Aside from that I bundled along to a number of panels – my favourite ones being Dr Magnethands, which is a game I shall be inflicting on friends at parties and one on writing from different points of view. That latter one was the writer in me wanting to learn, wanting to see if how I approach my work makes sense and how I could be smarter about it.

Anyway, I’m now knackered, but home. So adieu to #Nineworlds and thanks again.

Oh, and particular thanks to people who shared drinks and panels with me like David Thomas Moore, Jon Oliver, Joseph Adetifa, Sasha Garwood Lloyd, Dolly Garland, Adrian Tchaikovsky, Peter Smallridge, D Franklin, Ed Boff, Sarah Groenwegen, Matthew Blakstad, Peter Ray Allison and Jeannette Ng to mention just a few. (And obvious apologies if I’ve missed you off this list – the fault is mine, not yours!)

Half Way

I’m half way through the Qilin’s Gambit. It’s come at a real pace (for me at any rate) and despite planning to story in more detail than anything I’ve ever plotted out before I’ve been surprised by two things.

The first is the politics in the story. The world is (obviously) the same as for Dreams of Darkness, it is book 2 after all. However, it features an entirely new set of characters set in a parts of our world and the Dream not seen before. Most notably the city of Kunlun (in different forms) out of Japanese and Chinese legend.

The structure of the world is such that the cultures within it are supposed to be ancient, living breathing societies and one of the main protagonists is a refugee who was once a very important person in the land he had to flee.

As a result I’ve found that my characters are very concerned with the threads and ties to their societies, their roles, their positions and the implications of their actions. It’s been a wonderful surprise to have to explore this and I hope it will be as interesting for readers as it’s been for me to write about power like this.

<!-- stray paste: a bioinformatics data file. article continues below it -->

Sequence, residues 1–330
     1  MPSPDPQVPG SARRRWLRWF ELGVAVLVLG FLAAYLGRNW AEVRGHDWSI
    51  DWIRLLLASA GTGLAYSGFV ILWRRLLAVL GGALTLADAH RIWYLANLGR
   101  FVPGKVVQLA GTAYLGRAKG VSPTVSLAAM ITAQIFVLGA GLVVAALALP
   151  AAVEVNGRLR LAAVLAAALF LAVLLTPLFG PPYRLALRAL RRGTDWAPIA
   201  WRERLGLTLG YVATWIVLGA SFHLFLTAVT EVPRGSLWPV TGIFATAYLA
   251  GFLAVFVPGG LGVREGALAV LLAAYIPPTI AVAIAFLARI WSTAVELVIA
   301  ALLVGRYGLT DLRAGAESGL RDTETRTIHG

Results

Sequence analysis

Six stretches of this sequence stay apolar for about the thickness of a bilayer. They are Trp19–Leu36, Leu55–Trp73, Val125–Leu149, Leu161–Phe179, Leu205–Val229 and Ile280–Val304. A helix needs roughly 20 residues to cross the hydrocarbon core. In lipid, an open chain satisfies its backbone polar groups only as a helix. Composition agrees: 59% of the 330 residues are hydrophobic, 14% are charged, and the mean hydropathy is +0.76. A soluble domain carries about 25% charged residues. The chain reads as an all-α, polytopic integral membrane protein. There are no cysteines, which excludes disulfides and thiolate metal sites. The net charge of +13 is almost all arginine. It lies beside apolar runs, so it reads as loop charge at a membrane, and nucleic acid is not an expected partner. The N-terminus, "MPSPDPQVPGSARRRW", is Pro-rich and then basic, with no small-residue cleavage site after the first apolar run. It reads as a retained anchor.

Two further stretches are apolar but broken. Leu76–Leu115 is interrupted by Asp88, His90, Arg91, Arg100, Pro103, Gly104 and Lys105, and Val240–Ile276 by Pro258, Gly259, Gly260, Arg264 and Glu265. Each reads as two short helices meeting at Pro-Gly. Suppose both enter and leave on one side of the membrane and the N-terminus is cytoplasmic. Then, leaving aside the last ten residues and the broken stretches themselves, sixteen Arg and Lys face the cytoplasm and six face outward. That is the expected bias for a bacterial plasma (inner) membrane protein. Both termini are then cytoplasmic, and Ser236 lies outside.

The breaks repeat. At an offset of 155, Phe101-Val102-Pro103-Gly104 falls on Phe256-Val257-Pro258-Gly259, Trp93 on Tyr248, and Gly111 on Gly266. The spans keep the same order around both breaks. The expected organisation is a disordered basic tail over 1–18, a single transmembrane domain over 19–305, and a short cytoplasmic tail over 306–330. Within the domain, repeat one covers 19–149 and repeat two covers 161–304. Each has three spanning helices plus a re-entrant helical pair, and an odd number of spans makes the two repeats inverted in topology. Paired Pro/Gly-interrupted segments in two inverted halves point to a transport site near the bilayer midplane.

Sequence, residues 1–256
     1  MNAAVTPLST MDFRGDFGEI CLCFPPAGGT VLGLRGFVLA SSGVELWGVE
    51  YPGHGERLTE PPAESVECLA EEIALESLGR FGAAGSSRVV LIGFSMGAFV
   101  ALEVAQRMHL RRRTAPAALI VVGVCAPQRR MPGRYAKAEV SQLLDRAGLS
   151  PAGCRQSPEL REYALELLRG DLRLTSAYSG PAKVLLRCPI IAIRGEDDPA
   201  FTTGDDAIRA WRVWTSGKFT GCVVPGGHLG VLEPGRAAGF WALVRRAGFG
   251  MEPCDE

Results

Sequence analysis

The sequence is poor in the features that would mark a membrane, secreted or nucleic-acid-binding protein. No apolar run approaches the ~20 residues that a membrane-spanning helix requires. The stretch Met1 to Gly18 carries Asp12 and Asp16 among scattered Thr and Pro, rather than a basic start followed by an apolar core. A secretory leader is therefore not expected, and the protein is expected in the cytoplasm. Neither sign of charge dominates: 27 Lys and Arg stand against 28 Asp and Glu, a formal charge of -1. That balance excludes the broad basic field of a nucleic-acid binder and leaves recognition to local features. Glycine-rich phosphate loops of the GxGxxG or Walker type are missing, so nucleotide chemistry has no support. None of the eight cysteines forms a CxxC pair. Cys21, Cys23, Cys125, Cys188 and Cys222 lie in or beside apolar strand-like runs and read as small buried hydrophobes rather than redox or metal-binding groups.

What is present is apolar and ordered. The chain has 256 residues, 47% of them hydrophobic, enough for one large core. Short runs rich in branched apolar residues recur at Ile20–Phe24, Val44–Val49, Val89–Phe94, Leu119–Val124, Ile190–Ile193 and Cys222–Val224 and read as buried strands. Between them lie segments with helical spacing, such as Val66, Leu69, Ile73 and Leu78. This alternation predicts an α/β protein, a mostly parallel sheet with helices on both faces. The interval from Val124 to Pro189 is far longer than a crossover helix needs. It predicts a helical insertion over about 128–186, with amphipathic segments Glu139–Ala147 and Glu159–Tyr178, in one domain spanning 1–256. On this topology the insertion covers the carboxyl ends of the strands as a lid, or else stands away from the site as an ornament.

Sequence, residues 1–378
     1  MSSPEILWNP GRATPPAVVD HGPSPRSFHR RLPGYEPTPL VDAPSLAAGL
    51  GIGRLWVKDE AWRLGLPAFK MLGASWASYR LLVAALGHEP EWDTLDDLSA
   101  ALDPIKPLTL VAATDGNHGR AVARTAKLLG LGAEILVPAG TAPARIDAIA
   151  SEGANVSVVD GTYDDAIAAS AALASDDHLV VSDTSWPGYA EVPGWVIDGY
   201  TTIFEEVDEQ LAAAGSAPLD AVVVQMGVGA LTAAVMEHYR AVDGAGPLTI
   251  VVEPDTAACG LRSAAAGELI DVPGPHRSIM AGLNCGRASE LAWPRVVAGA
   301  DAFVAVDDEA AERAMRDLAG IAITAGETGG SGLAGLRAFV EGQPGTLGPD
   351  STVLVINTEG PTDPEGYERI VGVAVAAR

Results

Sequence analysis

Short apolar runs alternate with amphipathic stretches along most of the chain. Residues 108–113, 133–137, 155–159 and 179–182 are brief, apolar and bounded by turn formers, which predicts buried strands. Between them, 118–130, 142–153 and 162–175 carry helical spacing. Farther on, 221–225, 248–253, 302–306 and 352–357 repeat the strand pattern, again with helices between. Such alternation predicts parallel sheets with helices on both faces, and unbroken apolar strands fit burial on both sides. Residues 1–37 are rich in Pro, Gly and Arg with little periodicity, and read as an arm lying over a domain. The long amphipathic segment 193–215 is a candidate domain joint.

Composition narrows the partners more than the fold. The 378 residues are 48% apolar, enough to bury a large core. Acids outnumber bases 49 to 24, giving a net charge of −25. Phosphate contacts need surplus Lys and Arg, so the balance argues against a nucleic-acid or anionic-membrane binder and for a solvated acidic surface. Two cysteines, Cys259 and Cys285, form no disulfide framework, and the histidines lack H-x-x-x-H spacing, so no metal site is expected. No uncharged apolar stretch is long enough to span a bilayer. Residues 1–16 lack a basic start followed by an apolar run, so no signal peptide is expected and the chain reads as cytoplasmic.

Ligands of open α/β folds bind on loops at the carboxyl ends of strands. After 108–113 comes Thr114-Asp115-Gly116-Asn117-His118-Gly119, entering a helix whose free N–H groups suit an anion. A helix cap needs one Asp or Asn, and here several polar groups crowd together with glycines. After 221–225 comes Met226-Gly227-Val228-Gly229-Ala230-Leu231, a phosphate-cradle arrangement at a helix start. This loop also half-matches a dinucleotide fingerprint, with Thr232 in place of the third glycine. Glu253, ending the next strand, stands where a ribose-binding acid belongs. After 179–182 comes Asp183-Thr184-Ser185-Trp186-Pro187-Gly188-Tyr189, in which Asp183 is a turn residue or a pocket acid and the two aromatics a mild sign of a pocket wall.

I guess this reprises discussions about power from the other trilogy, The Oligarchy. I know some people simply want action but for me the impact of any violence in what I’m writing takes its foundation from the groundedness of the world in which it happens.

The other surprise for me is how my female protagonists (book 1 had two male and one female. Book 2 focusses on two female and one male) are growing. I’m super conscious of trying to treat them as people with their own agency with their own battles and pasts but they’ve also surprised me in demanding that their responses are their own. To be honest it’s been a real lesson in dwelling on what they’re facing before simply letting my fingers get on and write them.

Anyway, I’m only half way, so I better get back to it…

Fiction and Lies

There comes a point when sane people should stop repeating the same mistakes again and again in the hope that this time it’ll be different. I’m watching a lot of people fall into the following trap:

X utters verifiable lie

Y shouts “That’s a lie, how could you be so dum to think we’d believe you!?”

X Ignores Y and utters verifiable lie.

Y shouts “That’s another lie. My, you’re dumb. How could you believe that? Why would you believe we’d do it. Here’s a reference that proves I’m right.”

X ignores Y and utters a verifiable lie.


If the above seems familiar to you it could be because you’re watching political and media discourse here in Europe or in the US right now.